Hepatitis A and hepatitis B are completely preventable! There are safe vaccines available to prevent hepatitis A and hepatitis B — you can even receive a series of combination vaccinations that protect you against both hepatitis A and B. It is important to finish the entire series of hepatitis vaccinations so you prevent infection and liver damage associated with infection, especially for chronic hepatitis B, which can lead to liver cancer.

The hepatitis B vaccine is so effective that the Centers for Disease Control and Prevention and the World Health Organization have called the hepatitis B vaccine the first “anti-cancer” vaccine!  Get more hepatitis B vaccine info from www.immunize.org.

Who should get vaccinated for hepatitis A?

  • Persons with any type of chronic liver disease, such as hepatitis B or C
  • Injection and non-injection drug users
  • Men who have sex with men
  • Transgenders
  • Persons diagnosed with HIV
  • Persons travelling to hepatitis A endemic areas

Who should get vaccinated for hepatitis B?

  • Asians, Native Hawaiians, and Pacific Islanders, especially infants and children of immigrants/migrants from areas with high HBV rates (see map above)
  • Persons with more than one sex partner in a six month period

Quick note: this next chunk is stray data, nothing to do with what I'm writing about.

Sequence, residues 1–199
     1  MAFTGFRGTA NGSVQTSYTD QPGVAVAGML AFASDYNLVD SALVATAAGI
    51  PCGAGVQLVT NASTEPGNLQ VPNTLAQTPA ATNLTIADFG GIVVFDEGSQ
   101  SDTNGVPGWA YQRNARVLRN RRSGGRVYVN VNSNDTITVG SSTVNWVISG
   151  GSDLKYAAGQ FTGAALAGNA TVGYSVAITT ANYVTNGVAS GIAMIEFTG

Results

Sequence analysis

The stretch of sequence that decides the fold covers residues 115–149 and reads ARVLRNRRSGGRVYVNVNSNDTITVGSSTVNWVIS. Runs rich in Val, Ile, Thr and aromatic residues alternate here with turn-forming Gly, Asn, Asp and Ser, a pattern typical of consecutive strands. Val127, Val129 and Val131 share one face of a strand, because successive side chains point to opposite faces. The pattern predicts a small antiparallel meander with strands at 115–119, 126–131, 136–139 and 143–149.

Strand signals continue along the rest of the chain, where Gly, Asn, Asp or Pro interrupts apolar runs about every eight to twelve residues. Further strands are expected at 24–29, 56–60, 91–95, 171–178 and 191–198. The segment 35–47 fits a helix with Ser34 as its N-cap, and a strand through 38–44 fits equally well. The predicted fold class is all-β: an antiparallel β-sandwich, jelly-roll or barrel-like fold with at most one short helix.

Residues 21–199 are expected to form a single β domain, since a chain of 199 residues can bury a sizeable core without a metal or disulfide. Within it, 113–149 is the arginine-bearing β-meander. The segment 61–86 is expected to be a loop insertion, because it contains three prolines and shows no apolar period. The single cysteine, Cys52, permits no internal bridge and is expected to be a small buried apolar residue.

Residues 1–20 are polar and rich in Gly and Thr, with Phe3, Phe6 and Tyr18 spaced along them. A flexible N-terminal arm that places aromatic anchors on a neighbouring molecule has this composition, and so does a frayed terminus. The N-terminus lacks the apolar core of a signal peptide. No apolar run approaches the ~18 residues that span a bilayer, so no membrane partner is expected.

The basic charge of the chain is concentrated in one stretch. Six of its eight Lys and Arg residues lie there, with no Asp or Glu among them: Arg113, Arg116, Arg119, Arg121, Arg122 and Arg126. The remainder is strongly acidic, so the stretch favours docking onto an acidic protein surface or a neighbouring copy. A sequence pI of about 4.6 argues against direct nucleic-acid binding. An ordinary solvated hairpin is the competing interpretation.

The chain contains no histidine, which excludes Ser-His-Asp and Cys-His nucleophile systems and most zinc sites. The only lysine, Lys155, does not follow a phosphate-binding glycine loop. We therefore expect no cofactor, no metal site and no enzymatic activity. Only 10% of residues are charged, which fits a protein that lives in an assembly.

• Persons diagnosed recently with an STD
  • Injection drug users
  • Sex and household contacts of people with hepatitis B
  • Infants born to mothers with hepatitis B
  • Men who have sex with men
  • Transgenders
  • Health care and public safety workers
  • People living with HIV
  • People living with diabetes (ages 19-59) – Referral Flyer for Diabetics

HAVE INSURANCE?  Bring our hep B vaccine referral flyer to your local pharmacy.  In most cases, the hep B vaccines will have no copay or deductible!

 

REMEMBER:  There is NO VACCINE for hepatitis C!

For more information about the hepatitis vaccines, visit the Centers for Disease Control and Prevention’s website.

For Kaiser Permanente Members: Call the Kaiser Hepatitis Department at 432-7275 for questions relating to hepatitis B or C.